S.D.R. Considered to be one of the twentieth century’s outstanding figures in ornithology and wildlife conservation, S. Dillon Ripley began building a collection of waterfowl in Litchfield, Connecticut when he was a teenager in the 1920's. After earning a PhD in Biology, he became a professor of Ornithology at Yale University and served as Director of Yale's Peabody Museum of Natural History. In 1964, Dillon became the Secretary of the Smithsonian Institution, leading the Institution through its period of greatest growth and expansion. He reinvigorated the Smithsonian, building numerous new museums including the National Air and Space Museum, the Hirshhorn Museum, the Anacostia Community Museum, the Cooper-Hewitt and the Renwick Gallery, and developing the Smithsonian Magazine. Over his lifetime, Dillon authored numerous articles, fifteen books, and received honors and awards, including the Presidential Medal of Freedom in 1985. As an avid aviculturist, Dillon Ripley is credited with being the first person to successfully propagate many threatened and endangered species in captivity, such as the Red-breasted goose, Nene goose, Emperor goose, and Laysan teal.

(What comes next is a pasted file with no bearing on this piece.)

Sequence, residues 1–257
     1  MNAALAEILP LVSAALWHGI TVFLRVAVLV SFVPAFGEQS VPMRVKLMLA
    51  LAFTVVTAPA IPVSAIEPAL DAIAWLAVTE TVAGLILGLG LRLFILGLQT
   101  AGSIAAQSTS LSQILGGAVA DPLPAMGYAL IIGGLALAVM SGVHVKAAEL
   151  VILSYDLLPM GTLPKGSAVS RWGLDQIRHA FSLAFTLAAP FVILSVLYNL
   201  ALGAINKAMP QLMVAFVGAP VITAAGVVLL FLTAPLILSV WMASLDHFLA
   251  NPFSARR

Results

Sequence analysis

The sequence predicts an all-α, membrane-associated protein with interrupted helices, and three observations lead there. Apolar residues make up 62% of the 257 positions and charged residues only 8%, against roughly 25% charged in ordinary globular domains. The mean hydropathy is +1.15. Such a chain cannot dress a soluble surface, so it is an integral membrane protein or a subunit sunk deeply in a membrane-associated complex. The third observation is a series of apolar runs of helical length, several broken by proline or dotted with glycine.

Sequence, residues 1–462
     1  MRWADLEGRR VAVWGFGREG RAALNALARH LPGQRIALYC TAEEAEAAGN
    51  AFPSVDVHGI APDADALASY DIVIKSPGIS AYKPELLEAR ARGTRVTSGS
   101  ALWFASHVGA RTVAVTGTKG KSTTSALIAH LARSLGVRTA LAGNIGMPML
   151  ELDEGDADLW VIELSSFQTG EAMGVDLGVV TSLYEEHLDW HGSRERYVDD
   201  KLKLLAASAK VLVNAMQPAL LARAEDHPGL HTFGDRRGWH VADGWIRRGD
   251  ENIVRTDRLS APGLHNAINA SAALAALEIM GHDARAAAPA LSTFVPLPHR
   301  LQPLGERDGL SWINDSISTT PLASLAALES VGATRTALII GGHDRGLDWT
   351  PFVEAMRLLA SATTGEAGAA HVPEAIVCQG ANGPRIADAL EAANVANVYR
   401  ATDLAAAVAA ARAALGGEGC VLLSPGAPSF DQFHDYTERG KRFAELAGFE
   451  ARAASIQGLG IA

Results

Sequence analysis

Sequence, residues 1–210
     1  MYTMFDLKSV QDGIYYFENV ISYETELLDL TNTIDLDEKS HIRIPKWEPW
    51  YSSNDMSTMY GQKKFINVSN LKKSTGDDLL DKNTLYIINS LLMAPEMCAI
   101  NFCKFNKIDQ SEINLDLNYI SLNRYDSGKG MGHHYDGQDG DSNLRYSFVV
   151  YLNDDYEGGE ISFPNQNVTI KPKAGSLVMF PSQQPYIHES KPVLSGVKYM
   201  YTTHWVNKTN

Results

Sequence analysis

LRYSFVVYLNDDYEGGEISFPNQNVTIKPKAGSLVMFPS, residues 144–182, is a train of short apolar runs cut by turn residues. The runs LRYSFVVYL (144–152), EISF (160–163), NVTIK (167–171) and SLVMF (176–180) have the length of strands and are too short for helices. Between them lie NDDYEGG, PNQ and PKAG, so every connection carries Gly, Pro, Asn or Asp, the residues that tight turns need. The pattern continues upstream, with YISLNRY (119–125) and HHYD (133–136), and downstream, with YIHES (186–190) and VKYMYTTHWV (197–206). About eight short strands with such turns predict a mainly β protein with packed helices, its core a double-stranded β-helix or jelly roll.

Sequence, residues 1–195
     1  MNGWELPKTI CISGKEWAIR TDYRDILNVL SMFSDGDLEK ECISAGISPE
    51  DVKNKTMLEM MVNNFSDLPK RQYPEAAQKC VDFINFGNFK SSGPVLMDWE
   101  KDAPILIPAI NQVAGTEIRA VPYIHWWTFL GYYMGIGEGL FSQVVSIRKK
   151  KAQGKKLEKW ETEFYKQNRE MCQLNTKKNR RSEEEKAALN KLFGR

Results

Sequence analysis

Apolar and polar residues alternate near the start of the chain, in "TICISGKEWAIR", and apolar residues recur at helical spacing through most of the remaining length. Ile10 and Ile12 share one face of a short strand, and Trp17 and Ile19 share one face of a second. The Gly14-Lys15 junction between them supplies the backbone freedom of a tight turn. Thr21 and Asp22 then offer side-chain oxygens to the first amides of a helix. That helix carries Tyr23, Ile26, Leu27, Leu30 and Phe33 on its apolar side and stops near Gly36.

Ripley Waterfowl Conservancy Dillon and his wife, Mary Livingston Ripley, an entomologist, were partners in most activities and recognized the potential for their waterfowl collection and preserve to become a valuable conservation resource. In 1985, they donated much of their land to a non-profit foundation dedicated to waterfowl conservation, research, and education. Today Ripley Waterfowl Conservancy spans roughly 150 acres and includes a 16-acre network of fenced aviaries, ponds, and barns. Dillon and Mary's three daughters, in concert with the LRWC Board of Directors, continue to develop and expand their parents' original vision.